Your article seems contrived from a collection of viewpoints that you, as the author, hold. Of which your article brings many of the overly opinionated variety to bear. Where are the research-driven citations (I see 1, all else are Twitter feeds)? Where are the facts and cohesive counter-points to show the inherent nature of forming a hypothesis, in that it is a guess?
Here’s a suggestion for further research: “creative class” individuals do fly to other major cities quite frequently, especially as major corporations move offices to the likes of Florida and North Carolina. In addition, read up on Google Fiber’s failed attempt in Kansas City (which is Sprint’s hq) and how one major reason was that people there lacked the willingness to invest in higher risk ventures. Maybe you can provide a better quoted, think as thieves with research follow-up article. Bloomberg has a wonderful piece of this (I don’t remember the link, but Googling “Bloomberg Kansas City failed entrepreneurship” should yield some results).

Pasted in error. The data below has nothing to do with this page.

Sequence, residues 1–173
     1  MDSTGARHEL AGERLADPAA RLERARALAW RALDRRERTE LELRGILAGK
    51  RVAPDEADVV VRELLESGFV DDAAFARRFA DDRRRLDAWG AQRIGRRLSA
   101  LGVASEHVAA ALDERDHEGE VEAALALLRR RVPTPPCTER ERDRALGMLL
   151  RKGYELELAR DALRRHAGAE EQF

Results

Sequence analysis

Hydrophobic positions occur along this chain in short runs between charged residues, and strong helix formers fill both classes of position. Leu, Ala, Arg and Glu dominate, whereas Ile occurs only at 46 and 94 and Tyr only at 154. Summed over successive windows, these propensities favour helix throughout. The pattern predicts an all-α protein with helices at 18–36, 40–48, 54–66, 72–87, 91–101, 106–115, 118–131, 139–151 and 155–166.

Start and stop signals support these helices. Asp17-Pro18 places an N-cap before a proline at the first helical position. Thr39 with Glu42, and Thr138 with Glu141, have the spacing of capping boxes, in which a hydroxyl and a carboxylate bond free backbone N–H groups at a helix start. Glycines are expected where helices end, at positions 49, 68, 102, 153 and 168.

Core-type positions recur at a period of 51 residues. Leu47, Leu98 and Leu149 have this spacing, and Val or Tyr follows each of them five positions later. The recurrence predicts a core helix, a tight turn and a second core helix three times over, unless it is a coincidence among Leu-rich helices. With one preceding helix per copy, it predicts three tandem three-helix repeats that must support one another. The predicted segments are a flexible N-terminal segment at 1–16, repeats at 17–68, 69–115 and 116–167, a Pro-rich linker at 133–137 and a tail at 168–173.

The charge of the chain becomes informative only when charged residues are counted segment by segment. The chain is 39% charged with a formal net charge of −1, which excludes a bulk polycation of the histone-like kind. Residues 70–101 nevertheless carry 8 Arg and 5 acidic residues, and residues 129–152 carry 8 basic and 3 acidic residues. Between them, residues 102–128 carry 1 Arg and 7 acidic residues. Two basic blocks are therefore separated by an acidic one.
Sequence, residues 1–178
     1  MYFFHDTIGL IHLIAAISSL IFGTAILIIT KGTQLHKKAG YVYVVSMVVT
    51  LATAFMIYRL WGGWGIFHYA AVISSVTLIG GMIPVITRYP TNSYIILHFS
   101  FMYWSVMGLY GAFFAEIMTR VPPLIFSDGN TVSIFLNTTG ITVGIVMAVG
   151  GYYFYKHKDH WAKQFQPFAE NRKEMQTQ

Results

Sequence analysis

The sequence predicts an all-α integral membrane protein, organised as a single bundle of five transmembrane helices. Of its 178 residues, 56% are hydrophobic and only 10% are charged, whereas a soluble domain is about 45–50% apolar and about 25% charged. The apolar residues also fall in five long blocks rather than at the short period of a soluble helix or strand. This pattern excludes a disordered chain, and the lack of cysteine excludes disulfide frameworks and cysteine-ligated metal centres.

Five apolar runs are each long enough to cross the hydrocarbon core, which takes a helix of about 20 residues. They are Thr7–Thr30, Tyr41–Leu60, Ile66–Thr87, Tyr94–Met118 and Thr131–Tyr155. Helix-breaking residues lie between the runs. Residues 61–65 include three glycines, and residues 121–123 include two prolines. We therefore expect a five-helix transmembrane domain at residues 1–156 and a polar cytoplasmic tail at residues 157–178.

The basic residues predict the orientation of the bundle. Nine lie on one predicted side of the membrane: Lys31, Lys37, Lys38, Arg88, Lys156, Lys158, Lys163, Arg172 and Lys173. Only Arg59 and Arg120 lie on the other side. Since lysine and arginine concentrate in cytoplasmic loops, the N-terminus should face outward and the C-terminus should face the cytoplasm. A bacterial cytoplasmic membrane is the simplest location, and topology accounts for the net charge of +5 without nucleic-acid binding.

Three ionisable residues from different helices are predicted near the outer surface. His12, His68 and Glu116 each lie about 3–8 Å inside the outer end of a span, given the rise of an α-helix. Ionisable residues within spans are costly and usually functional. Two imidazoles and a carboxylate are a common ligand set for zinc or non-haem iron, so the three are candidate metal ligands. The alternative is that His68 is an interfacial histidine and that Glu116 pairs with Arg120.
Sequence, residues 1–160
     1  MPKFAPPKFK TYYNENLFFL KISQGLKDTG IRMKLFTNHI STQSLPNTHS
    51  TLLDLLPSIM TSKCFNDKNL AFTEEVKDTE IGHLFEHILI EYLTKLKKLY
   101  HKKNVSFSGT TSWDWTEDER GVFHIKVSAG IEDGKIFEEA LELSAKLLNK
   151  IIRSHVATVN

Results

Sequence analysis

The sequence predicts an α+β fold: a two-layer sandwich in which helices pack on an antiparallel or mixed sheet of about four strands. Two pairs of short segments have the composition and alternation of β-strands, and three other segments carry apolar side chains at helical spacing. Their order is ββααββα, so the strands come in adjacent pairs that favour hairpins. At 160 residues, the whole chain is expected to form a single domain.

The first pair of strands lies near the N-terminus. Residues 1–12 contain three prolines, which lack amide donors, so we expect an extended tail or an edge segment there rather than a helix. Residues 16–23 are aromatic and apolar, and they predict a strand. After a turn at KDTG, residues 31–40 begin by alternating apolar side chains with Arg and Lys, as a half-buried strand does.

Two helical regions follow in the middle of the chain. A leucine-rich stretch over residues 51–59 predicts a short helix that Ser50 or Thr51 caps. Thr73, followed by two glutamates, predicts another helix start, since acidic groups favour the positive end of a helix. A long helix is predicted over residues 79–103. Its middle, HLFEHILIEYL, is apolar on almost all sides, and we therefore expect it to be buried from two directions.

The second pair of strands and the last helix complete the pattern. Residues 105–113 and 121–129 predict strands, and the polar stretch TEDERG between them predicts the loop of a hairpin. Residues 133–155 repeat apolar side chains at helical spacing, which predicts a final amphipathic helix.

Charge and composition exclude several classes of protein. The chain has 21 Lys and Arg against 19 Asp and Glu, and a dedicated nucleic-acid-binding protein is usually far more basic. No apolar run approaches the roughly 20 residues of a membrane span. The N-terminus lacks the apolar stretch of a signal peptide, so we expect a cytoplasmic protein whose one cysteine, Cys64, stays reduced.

Finally, you provided no solutions to the problem, nor has anyone else. Companies have corporate jets. Sending the employees upon a corporate jet would have been one solution. Or ponying up and paying for that man’s or the employees flights on a rival carrier. Oh which, who knows, maybe they tried all the reasonable options and this was a last call. Why then, did other passengers with less urgent flights not stand up and offer their seats when they saw this man being treated in such a way? Maybe they just wanted to sit in their seats, watch a show, and have a story to tell. This is brought up because it shows that United at least is now owning up to its actions and apologizing and that it received the brunt of the fault, which it is taking better than anyone else, who has denied any wrong doing. From my eyes, the other passengers, United, and this man all had equal share in the resulting chaos and should be sharing in the attention the same.